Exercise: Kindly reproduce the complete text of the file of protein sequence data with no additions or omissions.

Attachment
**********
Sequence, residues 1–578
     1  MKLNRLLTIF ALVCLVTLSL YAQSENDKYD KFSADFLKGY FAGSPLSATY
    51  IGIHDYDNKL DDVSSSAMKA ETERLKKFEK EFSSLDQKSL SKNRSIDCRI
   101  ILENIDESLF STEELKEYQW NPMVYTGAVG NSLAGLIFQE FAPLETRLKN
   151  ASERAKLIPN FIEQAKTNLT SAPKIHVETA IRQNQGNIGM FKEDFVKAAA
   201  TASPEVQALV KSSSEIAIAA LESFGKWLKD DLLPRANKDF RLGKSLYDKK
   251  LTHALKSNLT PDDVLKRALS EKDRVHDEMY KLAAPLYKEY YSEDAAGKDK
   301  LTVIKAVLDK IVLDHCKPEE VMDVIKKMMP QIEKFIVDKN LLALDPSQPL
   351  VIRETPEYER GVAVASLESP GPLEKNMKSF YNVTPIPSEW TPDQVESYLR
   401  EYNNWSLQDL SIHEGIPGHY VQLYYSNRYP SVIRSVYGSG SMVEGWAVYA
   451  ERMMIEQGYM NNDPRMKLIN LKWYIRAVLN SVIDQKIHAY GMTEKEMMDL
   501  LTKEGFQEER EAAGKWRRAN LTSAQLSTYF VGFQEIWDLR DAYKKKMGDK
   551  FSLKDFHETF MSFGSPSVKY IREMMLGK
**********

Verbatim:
Sequence, residues 1–578
     1  MKLNRLLTIF ALVCLVTLSL YAQSENDKYD KFSADFLKGY FAGSPLSATY
    51  IGIHDYDNKL DDVSSSAMKA ETERLKKFEK EFSSLDQKSL SKNRSIDCRI
   101  ILENIDESLF STEELKEYQW NPMVYTGAVG NSLAGLIFQE FAPLETRLKN
   151  ASERAKLIPN FIEQAKTNLT SAPKIHVETA IRQNQGNIGM FKEDFVKAAA
   201  TASPEVQALV KSSSEIAIAA LESFGKWLKD DLLPRANKDF RLGKSLYDKK
   251  LTHALKSNLT PDDVLKRALS EKDRVHDEMY KLAAPLYKEY YSEDAAGKDK
   301  LTVIKAVLDK IVLDHCKPEE VMDVIKKMMP QIEKFIVDKN LLALDPSQPL
   351  VIRETPEYER GVAVASLESP GPLEKNMKSF YNVTPIPSEW TPDQVESYLR
   401  EYNNWSLQDL SIHEGIPGHY VQLYYSNRYP SVIRSVYGSG SMVEGWAVYA
   451  ERMMIEQGYM NNDPRMKLIN LKWYIRAVLN SVIDQKIHAY GMTEKEMMDL
   501  LTKEGFQEER EAAGKWRRAN LTSAQLSTYF VGFQEIWDLR DAYKKKMGDK
   551  FSLKDFHETF MSFGSPSVKY IREMMLGK